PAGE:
This was on the front page of to-day’s OA News (front page, continued on p. 8A). The online copy is a bit longer than what appeared in print (there are a couple paragraphs at the end that the OA News cut from the printed edition). The U.S. Civil Rights Commission recently held a meeting in Birmingham to discuss SB 1070 and HB 56, the international apartheid police-state bills in Arizona and Alabama. Demonstrators showed up to inject some reality into the proceedings.
From the Associated Press.
Civil rights panel has first meeting to discuss laws
BIRMINGHAM — A quarrelsome U.S. Commission on Civil Rights held its first hearing on state laws that target illegal immigration, with Republican backers arguing Friday that the measures are vital to protecting American jobs and fighting crime.
Kansas Secretary of State Kris Kobach, who helped write similar immigration laws in Arizona and Alabama, said unemployment in Alabama has dropped three times faster than the national average since parts of the state’s law took effect last fall — a change he credited at least in part to the act.
Attempting to head off claims that the laws lead to racial profiling by police, Kobach said the immigration enforcement specifically bars officers from making stops or arrests based on appearance.
As he spoke, four Hispanic women and a girl stood in the audience with their backs toward Kobach. Demonstrators, some speaking Spanish, stood up holding signs that saidUndocumentedand shouted at Kobach.
These laws are based on hate,said one man.
The meeting room quieted after officers escorted protesters away, but the commissioners still bickered among themselves. Congressional appointee Todd Gaziano, legal director of the conservative Heritage Foundation, accused the demonstrators ofhateful speech. Gaziano and chairman Martin R. Castro, appointed by President Barack Obama, exchanged sharp words throughout the opening session. Members even disagreed over who should be allowed to testify, with organizations accusing each other of being hate groups.
The commission will issue a report within months on the findings of the hearing, which focused on whether the state laws foster discrimination and run counter to civil rights laws. But the panel doesn’t have any enforcement power, and it can’t make states alter their laws.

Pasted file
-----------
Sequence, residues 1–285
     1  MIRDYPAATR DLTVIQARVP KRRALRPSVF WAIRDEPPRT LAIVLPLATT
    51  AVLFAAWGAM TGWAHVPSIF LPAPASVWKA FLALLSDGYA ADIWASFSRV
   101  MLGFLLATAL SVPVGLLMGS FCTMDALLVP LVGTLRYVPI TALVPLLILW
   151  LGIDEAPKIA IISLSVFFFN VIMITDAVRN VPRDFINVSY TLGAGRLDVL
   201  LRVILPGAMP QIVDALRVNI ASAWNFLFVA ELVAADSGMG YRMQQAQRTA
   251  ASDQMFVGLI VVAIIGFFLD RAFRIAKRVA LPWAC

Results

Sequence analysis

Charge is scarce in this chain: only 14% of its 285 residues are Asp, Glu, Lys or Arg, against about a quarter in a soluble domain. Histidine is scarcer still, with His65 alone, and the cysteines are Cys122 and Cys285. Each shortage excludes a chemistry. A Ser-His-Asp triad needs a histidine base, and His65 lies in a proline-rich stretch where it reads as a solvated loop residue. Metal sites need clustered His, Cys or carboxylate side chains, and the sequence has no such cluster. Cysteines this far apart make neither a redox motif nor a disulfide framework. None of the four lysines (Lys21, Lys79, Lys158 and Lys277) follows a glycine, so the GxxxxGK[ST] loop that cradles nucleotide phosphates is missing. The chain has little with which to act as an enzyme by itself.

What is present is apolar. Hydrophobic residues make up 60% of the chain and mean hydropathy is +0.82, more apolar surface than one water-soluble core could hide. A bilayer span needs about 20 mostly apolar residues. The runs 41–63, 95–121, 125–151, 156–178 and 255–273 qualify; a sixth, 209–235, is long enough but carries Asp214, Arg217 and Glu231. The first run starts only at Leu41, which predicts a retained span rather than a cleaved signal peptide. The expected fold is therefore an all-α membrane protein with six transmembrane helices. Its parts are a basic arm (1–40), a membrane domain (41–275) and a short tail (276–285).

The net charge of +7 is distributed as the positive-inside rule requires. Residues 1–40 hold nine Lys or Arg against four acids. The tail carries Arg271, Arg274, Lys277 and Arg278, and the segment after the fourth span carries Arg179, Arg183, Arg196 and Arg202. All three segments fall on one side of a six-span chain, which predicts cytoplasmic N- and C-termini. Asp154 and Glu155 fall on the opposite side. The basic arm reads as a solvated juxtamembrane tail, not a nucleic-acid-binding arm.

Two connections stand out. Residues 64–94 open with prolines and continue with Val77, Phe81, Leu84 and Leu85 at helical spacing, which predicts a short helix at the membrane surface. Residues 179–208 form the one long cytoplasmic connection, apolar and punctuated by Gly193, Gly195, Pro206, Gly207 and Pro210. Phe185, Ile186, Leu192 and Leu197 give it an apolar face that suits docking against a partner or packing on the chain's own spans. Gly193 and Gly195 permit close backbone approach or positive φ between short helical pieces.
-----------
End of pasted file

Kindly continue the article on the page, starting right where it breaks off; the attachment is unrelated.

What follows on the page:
The U.S. Supreme Court struck down three parts of Arizona’s law in June, but it upheld a section that requires police to check the status of people who might appear to be in the country illegally. The ruling was closely watched because Alabama, Georgia, South Carolina, Indiana and Utah have approved similar laws.
Courts have blocked all or parts of the laws in each state, and legal challenges are now moving forward since the justices ruled on the Arizona statute .
Law opponent Tammy Besherse, an attorney with South Carolina Appleseed Legal Justice Center, accused law officers of destroying immigrants’ legal documents and of playing computer games in which participants kill Mexican immigrants.
GOP state Sen. Scott Beason, a key sponsor of Alabama’s law, said opponents of the laws and the media place more value on the rights of illegal immigrants than the plight of legal U.S. citizens who can’t find work because of people living in the country unlawfully.
We cannot solve the world’s problems, but we can make sure we don’t import some problems,Beason said. Responding to a question about a U.S. Chamber of Commerce that cast immigration in a positive light, Beason said the business organization ispretty slantedbecause some of its members employ illegal immigrants.
Castro said the Alabama hearing was the commission’s first outside Washington, D.C., in years. The panel’s first-ever was held in Birmingham in 1958, when state and local laws mandated racial segregation.
— Jay Reeves, Associated Press, Quarrelsome commission: Civil rights panel has first meeting to discuss laws. Opelika-Auburn News, 18 August 2012.
The article goes to some effort to make it out that the fights amongst the panel members were signs of
a clear divide between
Republicans and Democrats, conservatives and liberals. Of course the notion that the Democratic Party appointees maintain any
divide, or have any
quarrel, other than a purely rhetorical one, from the Republicans, is absurd. In 2008, presidential candidate Obama promised comprehensive immigration reform, paths
out of the shadows for undocumented immigrants, and promised that immigration reform would be
a top priority in my first year as President. In 2012, four years later, Liberal Democratic President Barack Obama has accomplished nothing at all towards comprehensive reform or towards paths to citizenship. The claim that it would be a top priority in his first year in office was a lie; he abandoned it as soon as he sat down in the Oval Office, concentrated on pushing stimulus bills and fighting wars and bailing out failed capitalists — and then he radically escalated the militarization of the border, and he presided over the largest mass deportations of peaceful immigrants in the history of the United States. Even his weakest, latest-coming promises have been lies, broken as soon as they were made. But there is a real divide here. It’s not a divide on the panel; it’s the divide between the panel, and the protesters who courageously stood up to challenge them. I am glad to see people calling out Kobach, and challenging this kind of political palavering over the lives and livelihoods of immigrant families. More power to them.